James Buchanan, Jr. (English pronunciation: /bjuːˈkænən/; April 23, 1791 – June 1, 1868) was the 15th President of the United States (1857–1861). He is the only president from Pennsylvania and the only president who remained a lifelong bachelor.
He represented Pennsylvania in the U.S. House of Representatives and later the Senate and served as Minister to Russia under President Andrew Jackson. He was also Secretary of State under President James K. Polk. After he turned down an offer for an appointment to the Supreme Court, President Franklin Pierce appointed him minister to the Court of St. James', in which capacity he helped draft the controversial Ostend Manifesto.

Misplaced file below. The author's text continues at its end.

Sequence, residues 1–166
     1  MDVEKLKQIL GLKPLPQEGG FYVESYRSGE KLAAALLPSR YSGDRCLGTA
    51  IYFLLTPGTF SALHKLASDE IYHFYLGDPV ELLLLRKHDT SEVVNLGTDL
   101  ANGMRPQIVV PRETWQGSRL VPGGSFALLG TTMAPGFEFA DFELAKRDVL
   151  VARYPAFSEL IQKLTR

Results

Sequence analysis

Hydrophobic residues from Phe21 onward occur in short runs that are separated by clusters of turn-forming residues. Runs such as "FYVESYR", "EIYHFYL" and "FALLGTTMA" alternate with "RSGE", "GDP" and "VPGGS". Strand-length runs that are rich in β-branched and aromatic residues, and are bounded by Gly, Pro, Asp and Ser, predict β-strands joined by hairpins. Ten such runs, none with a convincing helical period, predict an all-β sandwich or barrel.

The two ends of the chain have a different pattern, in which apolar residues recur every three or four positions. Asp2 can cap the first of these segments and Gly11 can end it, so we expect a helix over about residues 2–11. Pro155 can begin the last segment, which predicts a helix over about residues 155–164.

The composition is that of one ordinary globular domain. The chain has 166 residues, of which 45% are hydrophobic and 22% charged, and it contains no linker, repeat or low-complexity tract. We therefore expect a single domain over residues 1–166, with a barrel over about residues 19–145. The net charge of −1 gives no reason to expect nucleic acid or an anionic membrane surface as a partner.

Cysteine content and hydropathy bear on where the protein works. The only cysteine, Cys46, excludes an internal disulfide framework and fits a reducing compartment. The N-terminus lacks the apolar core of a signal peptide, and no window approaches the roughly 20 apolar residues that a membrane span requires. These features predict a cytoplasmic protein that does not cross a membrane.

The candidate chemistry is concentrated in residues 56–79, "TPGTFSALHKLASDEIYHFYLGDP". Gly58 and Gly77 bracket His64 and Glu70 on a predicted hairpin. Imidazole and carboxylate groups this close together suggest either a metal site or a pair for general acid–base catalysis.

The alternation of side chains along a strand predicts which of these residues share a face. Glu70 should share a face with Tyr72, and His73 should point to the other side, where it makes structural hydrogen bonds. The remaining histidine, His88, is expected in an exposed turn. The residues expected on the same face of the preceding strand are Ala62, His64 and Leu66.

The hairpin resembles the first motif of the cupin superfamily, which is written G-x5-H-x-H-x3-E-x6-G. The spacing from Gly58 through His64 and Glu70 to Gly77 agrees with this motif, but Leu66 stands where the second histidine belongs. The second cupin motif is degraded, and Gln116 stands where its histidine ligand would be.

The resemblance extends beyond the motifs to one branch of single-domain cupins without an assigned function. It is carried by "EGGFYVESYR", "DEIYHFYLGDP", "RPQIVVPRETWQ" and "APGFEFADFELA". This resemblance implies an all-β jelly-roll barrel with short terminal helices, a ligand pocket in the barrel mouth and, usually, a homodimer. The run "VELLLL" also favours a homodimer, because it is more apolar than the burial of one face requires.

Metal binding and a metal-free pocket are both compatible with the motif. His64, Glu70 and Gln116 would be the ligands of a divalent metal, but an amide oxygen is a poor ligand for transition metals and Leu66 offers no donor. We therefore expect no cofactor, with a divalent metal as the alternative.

Buchanan was nominated in the 1856 election. Throughout most of Franklin Pierce's term he was stationed in London as a minister to the Court of St. James' and therefore was not caught up in the crossfire of sectional politics that dominated the country. Buchanan was viewed by many as a compromise between the two sides of the slavery question. His subsequent election victory took place in a three-man race with John C. Frémont and Millard Fillmore. As President, he was often called a "doughface", a Northerner with Southern sympathies, who battled with Stephen A. Douglas for the control of the Democratic Party. Buchanan's efforts to maintain peace between the North and the South alienated both sides, and the Southern states declared their secession in the prologue to the American Civil War. Buchanan's view of record was that secession was illegal, but that going to war to stop it was also illegal. Buchanan, first and foremost an attorney, was noted for his mantra, "I acknowledge no master but the law."